Netflix Inc (NFLX), the streaming video pioneer that shook up Internet television with "House of Cards," loped into the heart of the Hollywood film world this awards season on the backs of some captivating mountain gorillas.
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In a sign of the company's ambitions, Netflix mounted a high-profile campaign to win the feature documentary category at Sunday's Academy Awards with "Virunga," the story of rare gorillas threatened by unrest and oil drilling in the Congo's Virunga National Park.
It ran full-page ads in The New York Times, took over billboards in Hollywood, and hosted a screening attended by Bill and Hillary Clinton. Executive producer Leonardo DiCaprio helped promote the film.
Netflix Chief Content Officer Ted Sarandos was a fixture on the Hollywood awards circuit, rubbing shoulders with top producers, actors and directors as the company adds to its documentary slate and moves into original feature films.
Its visible Oscar push is one way Netflix aims to expand the reach of documentaries, Lisa Nishimura, Netflix vice president of original documentary and comedy, said in an interview.
Most documentaries that make it to theaters come and go quickly. The original documentaries on Netflix's subscription service can live on-demand for years.
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"We are bringing these films to a very global audience," Nishimura said. "You start that conversation and people can easily access and continue to grow the profile of that film."
"Virunga" debuted in a limited number of theaters and on Netflix in November.
The company does not release viewership figures among its 57 million subscribers in 50 countries, so it is unclear if big audiences have watched "Virunga" or other Netflix documentaries such as "Mitt," "Mission Blue" or "The Square," an Oscar nominee last year.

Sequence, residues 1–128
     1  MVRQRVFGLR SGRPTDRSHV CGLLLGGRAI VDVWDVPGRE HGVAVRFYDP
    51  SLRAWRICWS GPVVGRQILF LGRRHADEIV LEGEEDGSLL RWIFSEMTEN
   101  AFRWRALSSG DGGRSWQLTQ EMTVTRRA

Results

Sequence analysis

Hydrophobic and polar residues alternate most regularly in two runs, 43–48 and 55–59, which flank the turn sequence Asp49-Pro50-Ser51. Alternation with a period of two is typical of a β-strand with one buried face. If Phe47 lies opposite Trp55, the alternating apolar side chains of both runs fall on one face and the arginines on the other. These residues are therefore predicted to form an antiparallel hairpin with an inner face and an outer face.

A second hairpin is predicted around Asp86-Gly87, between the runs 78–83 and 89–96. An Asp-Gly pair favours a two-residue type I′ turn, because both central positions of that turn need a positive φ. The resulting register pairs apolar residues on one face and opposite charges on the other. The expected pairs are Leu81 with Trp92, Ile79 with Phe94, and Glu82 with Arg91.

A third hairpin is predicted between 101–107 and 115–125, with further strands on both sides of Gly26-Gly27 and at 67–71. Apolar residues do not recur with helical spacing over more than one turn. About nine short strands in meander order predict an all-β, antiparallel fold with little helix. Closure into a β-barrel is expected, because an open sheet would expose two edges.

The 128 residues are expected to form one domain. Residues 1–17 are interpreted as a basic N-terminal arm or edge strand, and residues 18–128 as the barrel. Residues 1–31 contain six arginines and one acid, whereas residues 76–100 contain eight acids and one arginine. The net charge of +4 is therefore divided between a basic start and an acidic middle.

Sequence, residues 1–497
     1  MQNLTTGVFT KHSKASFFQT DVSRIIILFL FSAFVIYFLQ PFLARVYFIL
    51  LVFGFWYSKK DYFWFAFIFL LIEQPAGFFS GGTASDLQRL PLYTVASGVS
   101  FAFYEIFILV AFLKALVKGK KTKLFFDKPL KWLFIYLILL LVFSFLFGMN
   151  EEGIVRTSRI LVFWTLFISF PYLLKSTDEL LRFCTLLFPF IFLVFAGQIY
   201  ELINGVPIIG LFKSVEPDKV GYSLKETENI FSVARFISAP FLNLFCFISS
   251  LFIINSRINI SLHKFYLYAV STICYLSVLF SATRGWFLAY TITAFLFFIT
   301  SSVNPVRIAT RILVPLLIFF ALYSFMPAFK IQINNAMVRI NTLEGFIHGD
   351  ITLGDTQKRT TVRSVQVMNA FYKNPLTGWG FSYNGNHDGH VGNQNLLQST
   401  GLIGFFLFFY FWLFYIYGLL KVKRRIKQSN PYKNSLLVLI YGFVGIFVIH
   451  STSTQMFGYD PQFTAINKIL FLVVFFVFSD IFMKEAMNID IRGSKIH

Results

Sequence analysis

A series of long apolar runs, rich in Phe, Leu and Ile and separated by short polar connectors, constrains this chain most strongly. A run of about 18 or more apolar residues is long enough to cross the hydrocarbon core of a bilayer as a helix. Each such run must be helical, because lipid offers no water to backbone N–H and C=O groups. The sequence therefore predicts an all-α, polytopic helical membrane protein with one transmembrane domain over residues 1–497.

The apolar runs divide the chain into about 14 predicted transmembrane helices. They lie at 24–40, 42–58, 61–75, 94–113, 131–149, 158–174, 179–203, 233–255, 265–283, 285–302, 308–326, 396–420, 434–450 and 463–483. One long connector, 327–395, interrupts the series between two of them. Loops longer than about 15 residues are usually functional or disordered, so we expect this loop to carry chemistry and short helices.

The service can stimulate interest using viewer data for personalized recommendations, Nishimura said.
A customer, for example, might prefer romantic comedies on Friday night after a busy week but gravitate to documentaries on Sunday afternoon. If Netflix's computer algorithm detects that pattern, it can suggest documentaries when a person is most likely to watch.
"Being there at the time the consumer is ready is really the secret," she said.
Awards experts say "Virunga" could pull off an upset win at the Oscars, though the favorite is "Citizenfour" about U.S. government whistleblower Edward Snowden. "Citizenfour" was released by The Weinstein Company's Radius-TWC unit.
A victory for Netflix would burnish its Hollywood credentials as it faces competition from streaming outlets like Amazon.com Inc.
Netflix is adding documentaries such as "What Happened, Miss Simone?," the story of singer Nina Simone that premiered at the Sundance Film Festival. Nishimura and her team will visit film festivals around the world in search of new titles, she said.
New distributors such as Netflix and CNN Films, owned by Time Warner Inc, have boosted interest in documentaries and encouraged filmmakers to push boundaries, said Laura Poitras, director of "Citizenfour."
"We’re seeing this expansion of what non-fiction can be in storytelling," Poitras said. "I think they're more thrilling than a lot of fiction films."
(By Lisa Richwine; Additional reporting by Eric Kelsey; Editing by Mary Milliken and Marguerita Choy)